Cultural content – value promotion at its best All this can be achieved in one fell sweep: Developing custom-made, brand-owned, cultural content and cultural events. Putting the logo of your brand on the catalogue of an exhibition or show is a step in the right direction but doesn’t compare to the impact of developing and owning content or an event.

 

Culture?

In this context “culture” is defined as an inclusive concept, encompassing not just fine arts, but design, crafts, sports, leisure, community-oriented projects and even cause-driven events. In short: content and experiences that elevate the human spirit and bring people together.

 

The content matrix

 

The content you develop engages your audience in various dimensions. For the purpose of this article, we’ll focus on only two.

 

Immersion

 

Product/Service Value

Related driven

Absorption

 

The first (horizontal) dimension has product/service related content—that is to say the informative, instructional rational kind—on one side of the equation; and value driven—speaking to our emotions and triggering the hedonistic tendencies of the audience—on the other.

 

The second (vertical) dimension describes the level of engagement, necessary to experience the content. Absorption, on one end of the spectrum, describes the passive consumption of content, with a low level of engagement, addressing only 1 or 2 senses. Immersive content on the other side of the spectrum requires active participation, engages all five senses and takes the audience to a different world.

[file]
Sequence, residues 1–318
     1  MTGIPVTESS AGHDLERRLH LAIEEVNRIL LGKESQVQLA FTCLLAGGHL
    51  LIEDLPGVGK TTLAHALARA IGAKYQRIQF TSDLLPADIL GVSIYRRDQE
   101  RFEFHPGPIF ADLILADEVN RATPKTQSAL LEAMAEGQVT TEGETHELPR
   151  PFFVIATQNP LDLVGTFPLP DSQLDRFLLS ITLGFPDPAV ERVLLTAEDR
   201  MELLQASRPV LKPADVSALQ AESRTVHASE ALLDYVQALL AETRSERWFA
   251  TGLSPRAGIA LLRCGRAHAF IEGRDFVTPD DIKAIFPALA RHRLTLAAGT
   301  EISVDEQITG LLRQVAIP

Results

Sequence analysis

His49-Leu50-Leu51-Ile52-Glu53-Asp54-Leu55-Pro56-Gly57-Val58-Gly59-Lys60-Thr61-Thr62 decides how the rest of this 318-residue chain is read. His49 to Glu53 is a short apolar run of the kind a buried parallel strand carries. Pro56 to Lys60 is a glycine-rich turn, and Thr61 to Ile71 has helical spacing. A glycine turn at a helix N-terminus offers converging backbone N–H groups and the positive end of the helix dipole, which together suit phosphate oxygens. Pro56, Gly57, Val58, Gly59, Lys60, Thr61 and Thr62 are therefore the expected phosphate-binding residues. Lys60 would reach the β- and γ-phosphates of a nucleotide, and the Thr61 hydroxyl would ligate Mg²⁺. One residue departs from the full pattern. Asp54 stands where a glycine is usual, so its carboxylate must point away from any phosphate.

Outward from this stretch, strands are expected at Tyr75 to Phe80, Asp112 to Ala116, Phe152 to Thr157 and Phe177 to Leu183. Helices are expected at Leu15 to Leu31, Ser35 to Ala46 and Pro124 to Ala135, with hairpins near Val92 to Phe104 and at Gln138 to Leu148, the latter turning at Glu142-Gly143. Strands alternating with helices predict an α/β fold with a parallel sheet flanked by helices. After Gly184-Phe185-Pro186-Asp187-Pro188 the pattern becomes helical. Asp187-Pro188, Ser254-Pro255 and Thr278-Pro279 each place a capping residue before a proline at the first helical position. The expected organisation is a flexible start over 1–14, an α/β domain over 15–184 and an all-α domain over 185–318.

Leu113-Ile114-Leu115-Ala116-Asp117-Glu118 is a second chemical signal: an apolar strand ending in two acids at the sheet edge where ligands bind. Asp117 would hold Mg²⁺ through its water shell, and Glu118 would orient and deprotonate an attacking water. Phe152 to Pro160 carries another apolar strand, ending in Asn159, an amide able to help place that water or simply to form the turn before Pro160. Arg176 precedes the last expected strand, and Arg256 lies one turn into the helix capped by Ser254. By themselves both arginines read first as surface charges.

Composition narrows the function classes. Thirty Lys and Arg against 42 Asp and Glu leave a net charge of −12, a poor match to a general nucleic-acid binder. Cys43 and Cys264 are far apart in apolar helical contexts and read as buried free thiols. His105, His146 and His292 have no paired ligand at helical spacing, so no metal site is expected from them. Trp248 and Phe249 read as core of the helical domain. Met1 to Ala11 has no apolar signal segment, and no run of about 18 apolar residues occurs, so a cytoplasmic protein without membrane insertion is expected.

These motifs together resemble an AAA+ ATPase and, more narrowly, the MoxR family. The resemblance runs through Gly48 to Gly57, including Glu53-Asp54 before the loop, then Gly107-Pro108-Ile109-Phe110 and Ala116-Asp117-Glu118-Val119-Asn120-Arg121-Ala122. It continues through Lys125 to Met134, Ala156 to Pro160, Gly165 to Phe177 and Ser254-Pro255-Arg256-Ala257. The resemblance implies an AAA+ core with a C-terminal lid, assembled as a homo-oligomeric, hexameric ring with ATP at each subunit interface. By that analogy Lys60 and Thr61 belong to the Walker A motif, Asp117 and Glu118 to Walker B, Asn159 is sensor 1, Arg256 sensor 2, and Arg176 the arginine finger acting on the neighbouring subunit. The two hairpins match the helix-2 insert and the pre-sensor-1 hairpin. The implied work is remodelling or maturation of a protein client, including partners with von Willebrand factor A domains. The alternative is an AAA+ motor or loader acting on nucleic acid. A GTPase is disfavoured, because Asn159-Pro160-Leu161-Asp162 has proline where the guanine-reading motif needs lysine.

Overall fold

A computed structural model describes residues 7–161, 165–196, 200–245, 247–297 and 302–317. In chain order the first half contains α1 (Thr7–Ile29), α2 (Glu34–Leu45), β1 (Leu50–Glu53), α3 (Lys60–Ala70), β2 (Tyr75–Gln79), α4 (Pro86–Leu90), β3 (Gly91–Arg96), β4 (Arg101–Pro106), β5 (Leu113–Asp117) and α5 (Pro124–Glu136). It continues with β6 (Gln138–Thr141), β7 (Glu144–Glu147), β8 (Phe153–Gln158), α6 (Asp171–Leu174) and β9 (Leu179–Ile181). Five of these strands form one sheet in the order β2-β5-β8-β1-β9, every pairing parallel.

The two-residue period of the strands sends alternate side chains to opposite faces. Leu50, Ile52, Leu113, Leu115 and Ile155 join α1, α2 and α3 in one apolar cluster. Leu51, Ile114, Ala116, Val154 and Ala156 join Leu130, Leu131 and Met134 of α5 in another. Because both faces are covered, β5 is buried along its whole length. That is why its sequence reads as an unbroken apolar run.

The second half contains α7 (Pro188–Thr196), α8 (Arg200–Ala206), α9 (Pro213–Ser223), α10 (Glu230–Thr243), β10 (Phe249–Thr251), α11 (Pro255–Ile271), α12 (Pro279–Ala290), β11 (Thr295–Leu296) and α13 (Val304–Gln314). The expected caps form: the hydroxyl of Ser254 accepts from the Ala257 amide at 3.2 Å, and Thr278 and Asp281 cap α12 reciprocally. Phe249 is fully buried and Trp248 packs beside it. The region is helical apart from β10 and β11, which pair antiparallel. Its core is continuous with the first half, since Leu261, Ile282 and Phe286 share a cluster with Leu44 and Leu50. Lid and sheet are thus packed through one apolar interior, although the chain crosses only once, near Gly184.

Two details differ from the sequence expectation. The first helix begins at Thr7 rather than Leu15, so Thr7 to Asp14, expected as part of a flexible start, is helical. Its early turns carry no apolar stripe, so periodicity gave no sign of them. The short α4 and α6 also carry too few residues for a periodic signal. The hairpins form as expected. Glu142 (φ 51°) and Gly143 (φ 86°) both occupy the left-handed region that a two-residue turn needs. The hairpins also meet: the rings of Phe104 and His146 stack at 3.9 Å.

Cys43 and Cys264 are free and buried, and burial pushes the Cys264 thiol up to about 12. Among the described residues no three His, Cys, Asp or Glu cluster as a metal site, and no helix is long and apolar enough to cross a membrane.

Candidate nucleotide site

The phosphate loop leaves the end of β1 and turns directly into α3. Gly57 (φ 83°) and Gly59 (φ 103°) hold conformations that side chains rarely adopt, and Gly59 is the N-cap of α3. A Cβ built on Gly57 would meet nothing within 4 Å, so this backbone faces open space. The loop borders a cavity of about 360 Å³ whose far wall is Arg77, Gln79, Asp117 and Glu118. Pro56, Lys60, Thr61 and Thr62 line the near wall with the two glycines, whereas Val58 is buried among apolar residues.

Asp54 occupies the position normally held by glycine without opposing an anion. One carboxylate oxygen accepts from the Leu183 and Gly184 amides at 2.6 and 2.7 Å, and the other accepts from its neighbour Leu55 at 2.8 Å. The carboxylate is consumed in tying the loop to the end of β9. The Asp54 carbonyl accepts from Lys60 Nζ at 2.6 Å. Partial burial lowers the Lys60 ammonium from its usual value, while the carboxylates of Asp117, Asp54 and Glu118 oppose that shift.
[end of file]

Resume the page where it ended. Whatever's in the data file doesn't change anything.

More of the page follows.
Content in the bottom left corner has the least potential to generate an emotional connection with your brand; e.g. product manual.

 

Content in the top right corner is the most interesting for your audience.

It immerses the participant, is not a sales pitch, and ideally engages all

5 senses. This kind of content has the most potential to create an emotional bond with your brand; e.g. Red Bull Music Academy

 

Examples

 

6 simple steps

Let’s look at the necessary steps to develop engaging cultural content for your brand

 

Step 1

Branding 101 – What are your values? Who are your customers?

 

Anything you do should be based on, and guided by, your vision and values and an in-depth knowledge of your customers. If you’re an urban brand that promises adventure and excitement, and your customers are outgoing and fun loving, the content you develop is of course different from that developed by a luxury brand that promises its affluent clientele exclusivity.